Scooby-Doo has long been a favourite children’s cartoon, with over nine million DVDs sold to date.
Warner’s new adventure game, Scooby-Doo! First Frights, picks up its story from direct-to-DVD film Scooby-Doo! The Mystery Begins – which is to be released alongside the game.
Players take control of Scooby, Shaggy and the rest of the Mystery Machine gang. There are puzzles to solve, creepy environments to explore and freaky foes to fight. Players must discover clues to unmask devious villains and sample humorous moments, with voiceovers from the DVD cast.
The game gives players the chance to undertake the pesky kids’ first cases. The highlight of the title, and something that hasn’t appeared in Scooby-Doo games before, is two-player co-op with drop in/drop out gameplay. Characters can disguise themselves and gain new abilities to outwit the ghosts and ghouls that stork the night.
It’s made up of over 20 levels, including a phantom cruise ship, a high school filled with paranormal occupants, and – something no Scooby-Doo adventure should be complete without – a haunted castle.
Scooby offers gamers some paw-fisted action, while Shaggy has a yo-yo that doubles as a weapon and grappling hook. Collar-wearing clutz Fred can use his strength to position heavy objects, while geeky maiden Velma can tinker with technology.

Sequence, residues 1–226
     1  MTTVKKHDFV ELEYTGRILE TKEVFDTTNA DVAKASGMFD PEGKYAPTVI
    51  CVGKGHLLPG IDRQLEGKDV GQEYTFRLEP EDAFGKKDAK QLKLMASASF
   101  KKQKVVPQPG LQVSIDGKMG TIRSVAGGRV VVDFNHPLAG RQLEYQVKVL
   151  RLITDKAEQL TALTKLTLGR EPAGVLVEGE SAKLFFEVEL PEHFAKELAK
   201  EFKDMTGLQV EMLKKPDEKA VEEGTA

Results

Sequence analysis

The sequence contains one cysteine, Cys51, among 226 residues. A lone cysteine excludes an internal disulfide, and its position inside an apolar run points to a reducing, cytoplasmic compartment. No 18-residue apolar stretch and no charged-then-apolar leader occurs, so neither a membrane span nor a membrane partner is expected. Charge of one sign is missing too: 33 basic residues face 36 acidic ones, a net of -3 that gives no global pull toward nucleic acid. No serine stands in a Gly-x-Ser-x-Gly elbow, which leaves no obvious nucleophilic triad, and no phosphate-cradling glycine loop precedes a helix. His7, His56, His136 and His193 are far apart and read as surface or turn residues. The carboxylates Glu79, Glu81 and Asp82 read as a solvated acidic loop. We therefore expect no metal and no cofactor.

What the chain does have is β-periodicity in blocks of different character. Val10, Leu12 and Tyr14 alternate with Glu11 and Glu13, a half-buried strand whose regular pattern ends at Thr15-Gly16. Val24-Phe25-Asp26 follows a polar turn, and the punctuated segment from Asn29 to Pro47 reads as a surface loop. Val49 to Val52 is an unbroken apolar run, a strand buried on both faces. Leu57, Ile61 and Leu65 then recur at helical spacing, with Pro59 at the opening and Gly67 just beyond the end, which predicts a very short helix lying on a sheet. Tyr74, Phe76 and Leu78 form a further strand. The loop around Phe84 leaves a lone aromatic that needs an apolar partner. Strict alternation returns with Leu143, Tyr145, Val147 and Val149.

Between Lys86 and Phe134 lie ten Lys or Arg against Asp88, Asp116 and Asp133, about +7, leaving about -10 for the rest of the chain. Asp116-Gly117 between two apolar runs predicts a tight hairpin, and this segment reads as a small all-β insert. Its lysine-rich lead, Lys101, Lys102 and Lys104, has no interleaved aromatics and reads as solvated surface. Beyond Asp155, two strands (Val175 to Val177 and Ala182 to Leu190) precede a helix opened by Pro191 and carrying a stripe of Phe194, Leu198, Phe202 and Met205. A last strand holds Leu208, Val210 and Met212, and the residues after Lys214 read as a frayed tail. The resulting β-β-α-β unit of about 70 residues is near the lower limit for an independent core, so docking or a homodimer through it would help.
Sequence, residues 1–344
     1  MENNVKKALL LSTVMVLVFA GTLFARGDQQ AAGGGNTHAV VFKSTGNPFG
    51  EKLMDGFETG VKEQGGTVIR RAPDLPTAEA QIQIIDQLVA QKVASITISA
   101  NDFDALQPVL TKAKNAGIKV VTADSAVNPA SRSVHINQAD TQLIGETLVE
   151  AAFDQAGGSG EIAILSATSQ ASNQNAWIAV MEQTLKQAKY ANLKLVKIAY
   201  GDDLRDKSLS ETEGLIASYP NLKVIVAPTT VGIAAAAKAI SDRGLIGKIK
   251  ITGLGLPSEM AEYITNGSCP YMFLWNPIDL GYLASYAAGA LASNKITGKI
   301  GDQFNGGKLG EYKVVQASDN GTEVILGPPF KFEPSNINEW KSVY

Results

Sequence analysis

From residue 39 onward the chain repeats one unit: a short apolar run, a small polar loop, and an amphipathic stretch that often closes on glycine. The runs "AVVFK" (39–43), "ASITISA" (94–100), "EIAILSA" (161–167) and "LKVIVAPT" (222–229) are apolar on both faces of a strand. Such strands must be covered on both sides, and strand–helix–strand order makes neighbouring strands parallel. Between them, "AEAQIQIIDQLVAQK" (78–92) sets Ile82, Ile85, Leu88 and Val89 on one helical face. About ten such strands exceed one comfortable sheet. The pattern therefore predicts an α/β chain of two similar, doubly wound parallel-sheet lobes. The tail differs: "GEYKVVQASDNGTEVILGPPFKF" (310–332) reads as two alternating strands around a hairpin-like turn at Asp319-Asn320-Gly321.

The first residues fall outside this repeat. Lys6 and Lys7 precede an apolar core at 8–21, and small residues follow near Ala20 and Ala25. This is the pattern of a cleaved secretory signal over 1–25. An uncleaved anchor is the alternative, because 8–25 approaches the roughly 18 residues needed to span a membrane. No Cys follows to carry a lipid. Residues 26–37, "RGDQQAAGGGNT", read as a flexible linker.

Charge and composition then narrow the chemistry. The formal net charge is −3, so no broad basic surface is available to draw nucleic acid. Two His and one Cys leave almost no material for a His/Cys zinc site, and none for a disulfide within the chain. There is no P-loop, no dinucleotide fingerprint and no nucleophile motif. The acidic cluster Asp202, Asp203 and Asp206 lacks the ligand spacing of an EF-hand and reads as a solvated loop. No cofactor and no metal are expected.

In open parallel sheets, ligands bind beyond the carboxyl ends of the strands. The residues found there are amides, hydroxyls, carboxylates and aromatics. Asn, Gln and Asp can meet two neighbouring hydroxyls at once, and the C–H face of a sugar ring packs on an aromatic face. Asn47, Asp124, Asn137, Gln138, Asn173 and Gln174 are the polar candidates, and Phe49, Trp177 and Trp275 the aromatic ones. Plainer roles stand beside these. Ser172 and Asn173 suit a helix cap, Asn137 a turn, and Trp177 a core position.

In classic LEGO Star Wars-fashion, the game will also feature a free play mode. This will allow players to explore areas using any of the characters, costumes and items they’ve collected. Villians will also be selectable in this mode, plus previously inaccessible areas.
“Scooby-Doo is the number one selling property in Warner Bros’ consumer products portfolio so retailers should expect a huge amount of enthusiasm from the market for this title,” reveals Spencer Crossley, UK sales and marketing director at Warner Bros.
Scooby-Doo may be a household name, but evertheless, Warner Bros is plotting a campaign to cross-promote many of the upcoming products in the franchise.
Naturally, the publisher will be advertising the game heavily in children’s magazines. It will also be promoted in conjunction with the national live Scooby-Doo stage show and during the cartoon’s programming hours. They will also be advertising the game online via social networking sites and Google Earth.
In addition to a poster campaign and in-store POS, Warner Bros have the advantage of being a major DVD distributor. The company will be supplying printed Scooby-Doo inserts with their DVD releases as well as cross-promoting the game with their successful toy division.
A bespoke mailout will also be sent to addresses on the Scooby-Doo database.
“Previous Scooby-Doo games have performed really well on DS and PS2 but this is the first time he has appeared on the Wii,” adds Crossley. “This, combined with our ‘Year of Scooby-Doo’ promotion and our exceptional cross divisional activity with Warner Bros Consumer Products and Home Video divisions, means we fully expect Scooby-Doo to take over Halloween this year.”